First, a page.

"Therefore, he looked, which caused him to more effectively listen, which in turn altered his feelings, manifesting in a change in his expectation. Needless to say, the beggar got far more than he expected, but until he 'Gave them his attention' he had no real expectation of anything out of the ordinary."
She also puts in a little diagram that looks (somewhat) like this:
Where I look----> What I hear ----> What I feel ----> What I expect
Using the diagram sparked my "aha" moment. I put in a circumstance from my own life, online dating (yes, the idea makes me want to run screaming most days, too. Trust me, the reality is sometimes even worse than you imagine.). The gist of the diagram: If I focus on online dating, what I hear is "This isn't working. No one is interested. You're too. . . (old, short, whatever)." What I feel is frustrated, rejected, and discouraged; and what I expect is nothing. However, if I go back and put the Lord in the first slot, well, it all looks SO much better: If I look to God, then what I hear is "I'm here, I'm in control, you belong to me, and I will take care of you." What I feel is secure, safe, and encouraged; and what I expect is that God will do the very best thing for me.

Once again, "Duh!!!!!"

As I was thinking about this further, I tried thinking through other circumstances. No matter what it was, if I take the problem/worry/concern out from in front of my eyes and put the Lord there instead, it helps me to stand in truth, to feel encouraged and hopeful, and to believe that the Lord will work it all for His good. Glad to know that, on the four gazillion and first hearing, I finally get it.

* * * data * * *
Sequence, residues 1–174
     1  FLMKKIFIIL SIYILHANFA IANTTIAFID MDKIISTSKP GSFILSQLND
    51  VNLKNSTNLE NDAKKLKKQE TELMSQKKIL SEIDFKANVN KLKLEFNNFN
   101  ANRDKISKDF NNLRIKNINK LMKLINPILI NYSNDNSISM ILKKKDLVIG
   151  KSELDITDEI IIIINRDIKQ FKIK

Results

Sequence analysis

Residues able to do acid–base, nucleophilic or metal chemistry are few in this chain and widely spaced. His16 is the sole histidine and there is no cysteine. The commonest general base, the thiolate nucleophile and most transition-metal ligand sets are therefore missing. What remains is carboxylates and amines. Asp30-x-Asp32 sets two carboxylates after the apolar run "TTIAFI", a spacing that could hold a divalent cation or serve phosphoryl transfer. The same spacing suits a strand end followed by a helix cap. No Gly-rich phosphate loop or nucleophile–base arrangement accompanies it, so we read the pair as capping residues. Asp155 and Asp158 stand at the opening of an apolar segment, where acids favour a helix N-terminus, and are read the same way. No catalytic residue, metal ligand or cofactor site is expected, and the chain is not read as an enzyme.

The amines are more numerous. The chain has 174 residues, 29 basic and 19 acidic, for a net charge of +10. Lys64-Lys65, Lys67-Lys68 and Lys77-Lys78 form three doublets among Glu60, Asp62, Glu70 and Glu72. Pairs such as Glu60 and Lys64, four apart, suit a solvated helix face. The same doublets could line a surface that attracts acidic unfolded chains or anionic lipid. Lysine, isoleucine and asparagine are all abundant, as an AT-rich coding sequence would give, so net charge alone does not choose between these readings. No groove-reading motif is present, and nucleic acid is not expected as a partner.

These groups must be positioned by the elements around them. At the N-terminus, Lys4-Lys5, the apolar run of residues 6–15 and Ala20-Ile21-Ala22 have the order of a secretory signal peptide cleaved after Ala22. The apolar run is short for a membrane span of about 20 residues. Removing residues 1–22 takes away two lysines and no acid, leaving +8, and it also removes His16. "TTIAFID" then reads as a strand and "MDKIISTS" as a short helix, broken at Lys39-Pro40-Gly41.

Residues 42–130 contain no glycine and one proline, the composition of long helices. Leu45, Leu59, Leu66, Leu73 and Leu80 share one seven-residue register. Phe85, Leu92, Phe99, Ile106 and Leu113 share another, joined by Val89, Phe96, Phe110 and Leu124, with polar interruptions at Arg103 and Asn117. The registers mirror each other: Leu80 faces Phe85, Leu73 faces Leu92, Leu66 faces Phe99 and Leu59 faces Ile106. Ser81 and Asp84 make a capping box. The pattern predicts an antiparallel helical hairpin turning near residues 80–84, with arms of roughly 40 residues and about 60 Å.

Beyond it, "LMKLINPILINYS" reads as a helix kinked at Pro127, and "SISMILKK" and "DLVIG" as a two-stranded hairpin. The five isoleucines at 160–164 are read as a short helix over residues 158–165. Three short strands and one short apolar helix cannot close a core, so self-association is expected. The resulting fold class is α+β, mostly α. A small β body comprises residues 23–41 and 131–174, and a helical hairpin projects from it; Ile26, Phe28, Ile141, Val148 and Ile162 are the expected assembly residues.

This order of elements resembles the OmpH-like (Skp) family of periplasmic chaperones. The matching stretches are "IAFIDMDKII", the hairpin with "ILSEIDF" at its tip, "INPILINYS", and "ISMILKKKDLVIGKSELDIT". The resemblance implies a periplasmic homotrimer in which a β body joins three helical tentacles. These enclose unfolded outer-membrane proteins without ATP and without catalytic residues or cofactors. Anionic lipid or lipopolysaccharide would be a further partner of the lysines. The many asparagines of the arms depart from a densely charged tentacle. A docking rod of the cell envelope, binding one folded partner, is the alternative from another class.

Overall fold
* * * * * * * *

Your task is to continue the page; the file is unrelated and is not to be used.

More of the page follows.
Tuesday, June 14, 2011

Following Orders

Two posts in two days! The wonder of summer break. . .

Still reading in 1 Kings. Today was the account of a prophet of the Lord coming to warn Jeroboam of the destruction of the altar at Bethel, thus voicing His disapproval of Jeroboam's new alternative worship system that was not ordained by the Lord. Jeroboam isn't too happy about this, and invites the prophet to come home with him to try and sway his opinion/prophecy. At this juncture the prophet stays true to what the Lord told him (1 Kings 13:8-10)
And the man of God said to the king, "If you give me half your house, I will not go in with you. And I will not eat bread or drink water in this place, for so was it commanded me by the word of the LORD, saying, 'You shall neither eat bread nor drink water nor return by the way that you came.'" So he went another way and did not return by the way that he came to Bethel.